Why and How to Decarboxylate your Cannabis [Recipe]
Before you make tincture or topicals using cannabis, it is important to understand the role and process of decarboxylation (also known as "decarbing"). Decarbing activates the acid-form of the cannabinoids (THCA and CBDA) contained within raw cannabis flower into THC or CBD, so that these molecules can interact with the endocannabinoid system present throughout our brain, body, and skin. Decarbing makes cannabinoid compounds "psychoactive" which means they will produce similar effects when eaten, or applied to the skin, as they do when smoked.
Use the information on this page to learn about what decarbing is, why it is important, and follow my simple decarbing recipe to decarboxylate your own cannabis flower in preparation for making potent tincture or topicals.
What is decarboxylation?
Decarboxylation is the name for a chemical reaction which occurs when heat is applied to raw cannabis to activate the cannabinoids. Activation refers to changing the THCA molecule slightly so that it may interact with the receptors of our endocannabinoid system present throughout our brain, body, and skin. For smokable products, decarbing happens in real-time, thanks to combustion. However, for products that are consumed orally or topically, a separate decarboxylation step must take place.
Decarboxylation gets its name from the release of a carbon dioxide molecule as a result of applying a controlled amount of heat to the raw cannabis flower or concentrated oil. There are many blogs available online dedicated to the deep molecular science of exactly what is going on during decarboxylation, getting into the weeds (a pun!) of the specific science here is not necessary to understand why it is important, or what exactly is going on. Long story short, if you don't decarboxylate your cannabis, the raw form of the molecule cannot interact with our endocannabinoid system and effects of consumption will be different or reduced significantly.
Why is decarboxylation important for tincture and topicals?
Activating the THC and CBD molecule through decarboxylation enables the receptors of the endocannabinoid system to interact with the molecules, thereby providing effects similar to smoking.
Decarboxylate before or after making tincture?
It is recommended to decarboxylate the cannabis before making tincture using alcohol. If the cannabis used to make a tincture is not decarboxylated before steeping, the tincture will contain the non-psychoactive cannabis molecules THCA and CBDA. Because decarbing requires heat applied at a specific temperature, and for a certain period of time, it is not possible to decarboxylate the cannabinoid molecules while they are dissolved into an alcohol solution.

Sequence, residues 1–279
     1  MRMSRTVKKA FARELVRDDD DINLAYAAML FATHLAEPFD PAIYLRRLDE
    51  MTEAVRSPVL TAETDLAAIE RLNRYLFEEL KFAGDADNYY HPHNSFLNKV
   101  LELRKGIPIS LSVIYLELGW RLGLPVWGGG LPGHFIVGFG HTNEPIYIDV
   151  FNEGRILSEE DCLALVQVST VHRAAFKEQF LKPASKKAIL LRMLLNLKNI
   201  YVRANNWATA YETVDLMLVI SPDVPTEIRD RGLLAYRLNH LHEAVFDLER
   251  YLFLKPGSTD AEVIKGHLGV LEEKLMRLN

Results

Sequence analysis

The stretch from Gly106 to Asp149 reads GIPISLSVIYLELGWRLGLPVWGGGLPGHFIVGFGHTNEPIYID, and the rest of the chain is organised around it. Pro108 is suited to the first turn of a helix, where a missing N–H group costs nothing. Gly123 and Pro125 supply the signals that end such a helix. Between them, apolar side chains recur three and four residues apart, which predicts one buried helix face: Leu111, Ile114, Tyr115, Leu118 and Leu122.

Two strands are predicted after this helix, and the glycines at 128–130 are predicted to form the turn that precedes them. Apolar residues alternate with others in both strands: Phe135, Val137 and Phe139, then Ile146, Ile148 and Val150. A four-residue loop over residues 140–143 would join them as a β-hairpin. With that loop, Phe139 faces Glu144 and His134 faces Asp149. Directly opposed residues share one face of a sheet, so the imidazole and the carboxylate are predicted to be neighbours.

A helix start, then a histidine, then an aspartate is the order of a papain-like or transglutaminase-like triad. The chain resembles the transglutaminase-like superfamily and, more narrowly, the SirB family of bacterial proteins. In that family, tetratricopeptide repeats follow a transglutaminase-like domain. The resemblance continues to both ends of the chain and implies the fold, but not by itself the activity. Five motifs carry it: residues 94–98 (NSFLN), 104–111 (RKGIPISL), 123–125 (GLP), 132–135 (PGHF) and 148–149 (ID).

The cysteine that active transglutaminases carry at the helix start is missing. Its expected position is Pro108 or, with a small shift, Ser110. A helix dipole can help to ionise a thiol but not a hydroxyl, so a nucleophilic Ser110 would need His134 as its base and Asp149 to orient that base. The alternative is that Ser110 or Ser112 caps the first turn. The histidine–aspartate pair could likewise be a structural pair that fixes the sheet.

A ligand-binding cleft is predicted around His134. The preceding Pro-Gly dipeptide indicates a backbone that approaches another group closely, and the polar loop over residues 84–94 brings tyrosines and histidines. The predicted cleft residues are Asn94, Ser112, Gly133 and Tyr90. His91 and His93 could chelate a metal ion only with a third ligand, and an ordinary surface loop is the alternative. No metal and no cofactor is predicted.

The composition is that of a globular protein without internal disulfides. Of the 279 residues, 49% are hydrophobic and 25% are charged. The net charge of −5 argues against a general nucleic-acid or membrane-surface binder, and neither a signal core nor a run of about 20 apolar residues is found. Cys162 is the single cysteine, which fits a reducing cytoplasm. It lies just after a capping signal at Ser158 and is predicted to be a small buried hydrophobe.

Decarboxylation Time & Temperature
Above is a chart graphic the amount of THC converted from THCA after different times and temperatures. If too much heat is applied, or applied for too long, the THC will further convert into CBN. CBN is a cannabinoid similar to THC but with effects that are reported to be significantly more sedative than uplifting. It is recommended to not over decarboxylate as the effects of CBN can easily outweigh the THC that remains.
We used the data on this chart to recommend a time of 250 degrees for 25 minutes in the oven, plus 5 minutes to rest covered, for our decarboxylation recipe (see below for step by step instructions).
The decarbing process really is that simple, but like all simple things, there are nuances and tips that we can share to improve the process outcome and yield.
Tips for Decarbing Cannabis
- Use an oven thermometer to ensure that your oven's temperature is actually 250 degrees F. Don't trust the knob or the control panel read out here, as over heating the cannabis material can result in a degradation of the THC molecule being converted. Sourcing a simple oven thermometer to confirm the internal temperature of the oven is 250 degrees is worth the investment.
- Make the cannabis as uniform as possible so that heat is applied evenly throughout the batch. Break up large buds into small chunks no bigger than 0.5 inches (1 cm) on the largest side. If you have a mix of buds and trim leaves, consider sorting and doing the decarboxylation in 2 batches. By using uniform pieces of cannabis, heat is applied more evenly and consistently throughout the batch.